Recently a study demonstrated that intestinal Lactobacillus gasseri triggered the production of interleukin 17 by intrahepatic γδ T cells, resulting in cholestatic hepatitis . It seems a few strains with disrupted intestinal barriers can participate in pathogenesis of hepatic disease, including hepatocellular carcinoma, by regulating innate lymphoid cells (ILCs) and their inflammatory chemokines [13–15]. Manipulating intestinal microbiome in mice induced CXCL16 expression of liver sinusoidal endothelial cells, which accumulated CXCR6+ natural killer T, reinforcing an antitumor effect by interferon-γ secretion . Evidences for the connection between intestinal microflora and HCC gradually rise, however, few study has investigated the role of specific strains in development of HCC taking viral etiology into consideration. In our study, we used HBV transgenic mice to simulate the course of human HCC, to verify the hypothesis that Helicobacter hepaticus, a specific strain highly relative to hepatitis, could facilitate the carcinogenesis of HBV infected hepatitis via regulating innate lymphoid cells.
Helicobacter hepaticus are over-presented in feces from mice with HBV infected HCC
Helicobacter hepaticus potentiated hepatocellular tumorigenesis in HBV-transgenic mice
ILC-derived cytokines contribute to helicobacter hepaticus-associated HCC development in HBs-Tg mice
ILC-derived IFN-γ triggered epithelial–mesenchymal transition via STAT1 signaling in Helicobacter hepaticus-associated HCC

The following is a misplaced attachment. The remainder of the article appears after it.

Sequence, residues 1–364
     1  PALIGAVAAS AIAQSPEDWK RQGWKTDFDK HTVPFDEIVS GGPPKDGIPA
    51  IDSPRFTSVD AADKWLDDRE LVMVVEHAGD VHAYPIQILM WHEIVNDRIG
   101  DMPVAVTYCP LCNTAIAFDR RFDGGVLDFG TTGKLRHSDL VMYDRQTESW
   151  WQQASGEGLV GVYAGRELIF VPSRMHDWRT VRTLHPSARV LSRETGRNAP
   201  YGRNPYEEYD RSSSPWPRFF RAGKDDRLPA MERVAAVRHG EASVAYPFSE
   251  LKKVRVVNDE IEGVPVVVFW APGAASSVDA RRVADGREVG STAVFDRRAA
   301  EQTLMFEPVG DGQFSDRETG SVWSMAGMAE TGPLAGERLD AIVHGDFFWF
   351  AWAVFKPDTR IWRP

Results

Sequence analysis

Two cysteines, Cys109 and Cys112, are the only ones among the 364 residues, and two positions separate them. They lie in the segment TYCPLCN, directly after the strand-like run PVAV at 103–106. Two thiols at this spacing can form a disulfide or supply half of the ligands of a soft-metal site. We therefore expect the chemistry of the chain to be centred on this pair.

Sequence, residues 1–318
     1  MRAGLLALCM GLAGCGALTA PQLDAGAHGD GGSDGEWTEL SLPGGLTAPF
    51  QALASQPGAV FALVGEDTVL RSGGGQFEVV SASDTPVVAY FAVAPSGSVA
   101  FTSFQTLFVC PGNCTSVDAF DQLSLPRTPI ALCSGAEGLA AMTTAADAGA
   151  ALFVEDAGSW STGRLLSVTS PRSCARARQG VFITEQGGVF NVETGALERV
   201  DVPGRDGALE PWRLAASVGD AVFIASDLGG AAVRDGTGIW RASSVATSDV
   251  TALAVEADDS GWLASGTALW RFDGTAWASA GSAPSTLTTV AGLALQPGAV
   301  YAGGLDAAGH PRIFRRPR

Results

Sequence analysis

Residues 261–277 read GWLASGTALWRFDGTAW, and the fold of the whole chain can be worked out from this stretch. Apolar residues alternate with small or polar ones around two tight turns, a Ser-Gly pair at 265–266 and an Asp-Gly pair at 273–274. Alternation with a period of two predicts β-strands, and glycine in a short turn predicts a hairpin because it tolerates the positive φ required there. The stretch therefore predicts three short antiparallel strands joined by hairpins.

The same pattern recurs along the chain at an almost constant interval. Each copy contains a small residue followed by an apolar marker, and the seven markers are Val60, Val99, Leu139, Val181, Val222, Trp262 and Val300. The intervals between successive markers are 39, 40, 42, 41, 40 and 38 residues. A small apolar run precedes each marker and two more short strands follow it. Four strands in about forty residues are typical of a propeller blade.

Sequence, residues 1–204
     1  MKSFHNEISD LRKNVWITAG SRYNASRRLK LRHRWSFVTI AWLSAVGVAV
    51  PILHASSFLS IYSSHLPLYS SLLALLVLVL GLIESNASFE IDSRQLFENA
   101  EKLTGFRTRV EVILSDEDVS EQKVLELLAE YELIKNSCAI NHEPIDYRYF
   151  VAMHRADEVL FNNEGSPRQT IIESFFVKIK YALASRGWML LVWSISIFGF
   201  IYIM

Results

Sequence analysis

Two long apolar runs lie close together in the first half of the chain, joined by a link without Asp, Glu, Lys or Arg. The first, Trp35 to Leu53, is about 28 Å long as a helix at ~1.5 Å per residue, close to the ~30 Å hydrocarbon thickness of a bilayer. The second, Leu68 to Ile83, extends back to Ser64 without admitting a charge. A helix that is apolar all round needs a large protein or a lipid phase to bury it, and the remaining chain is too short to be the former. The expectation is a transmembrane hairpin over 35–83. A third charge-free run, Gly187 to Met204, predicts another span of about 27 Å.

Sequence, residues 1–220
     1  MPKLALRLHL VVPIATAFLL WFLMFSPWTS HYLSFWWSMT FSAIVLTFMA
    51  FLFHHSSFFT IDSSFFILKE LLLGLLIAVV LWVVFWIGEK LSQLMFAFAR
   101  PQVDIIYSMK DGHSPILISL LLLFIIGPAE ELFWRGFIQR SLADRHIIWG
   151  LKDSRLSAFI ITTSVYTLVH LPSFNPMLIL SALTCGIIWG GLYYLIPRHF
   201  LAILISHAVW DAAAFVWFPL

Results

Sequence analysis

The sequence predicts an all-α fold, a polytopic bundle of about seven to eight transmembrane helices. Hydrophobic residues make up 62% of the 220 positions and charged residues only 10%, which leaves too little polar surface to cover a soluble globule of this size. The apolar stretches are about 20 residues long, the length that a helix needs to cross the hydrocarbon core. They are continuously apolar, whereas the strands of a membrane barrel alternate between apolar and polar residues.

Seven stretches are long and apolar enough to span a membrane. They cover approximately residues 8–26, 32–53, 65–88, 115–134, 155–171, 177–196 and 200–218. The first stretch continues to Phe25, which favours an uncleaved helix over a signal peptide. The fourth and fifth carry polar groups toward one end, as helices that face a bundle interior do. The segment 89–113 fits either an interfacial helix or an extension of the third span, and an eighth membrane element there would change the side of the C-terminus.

Helicobacter species contribute to several kinds of chronic inflammation and carcinoma in mice. In spite of the presence of specific helicobacter strains were proved in human liver cancer, the pathogenic role of Helicobacter species on hepatic diseases remains undefined. H. hepaticus related injury and carcinogenesis in hepatocytes by activating nuclear factor-kB-regulated networks associated with innate and T helper 1-type adaptive immunity in aflatoxin B1 induced murine model of HCC . However, few study investigated the involvement of H. hepaticus in HBV-associated HCC. In recent study, transgenic mice model with viral hepatitis mimical period were utilized to uncover the over-presented H. hepaticus was significantly related to the initiation of cirrhosis and neoplasm development in liver (Figs. 1 and 2). Moreover, our study indicated that H. hepaticus accumulation might result in the rising of the triggered anti-virus cytokines via ILCs (Fig. 3).
Hepatitis and infiltration of immune cells in H. hepaticus-infected cancer indicated that chronic inflammation may make primary contribution to the promotion for carcinogenesis . Recruited to the liver in chronic H. hepaticus infected mice, plenty of neutrophils and macrophages in microenvironment accumulated oxidized nucleoside 8-hydroxydeoxyguanosine in hepatocytes by ROS secretion, exacerbating the hepatic tumorigenesis . It seems that innate immunity against H. hepaticus is the major force attributing to this kind of inflammation . Orogastric administration of H. hepaticus in Rag2−/−ApcMin/+ mice developed breast carcinoma, an extraintestinal tumor, in the absence of lymphocytes . However, rare study has reported that NK cells can assist the malignant progress of hepatic tumors.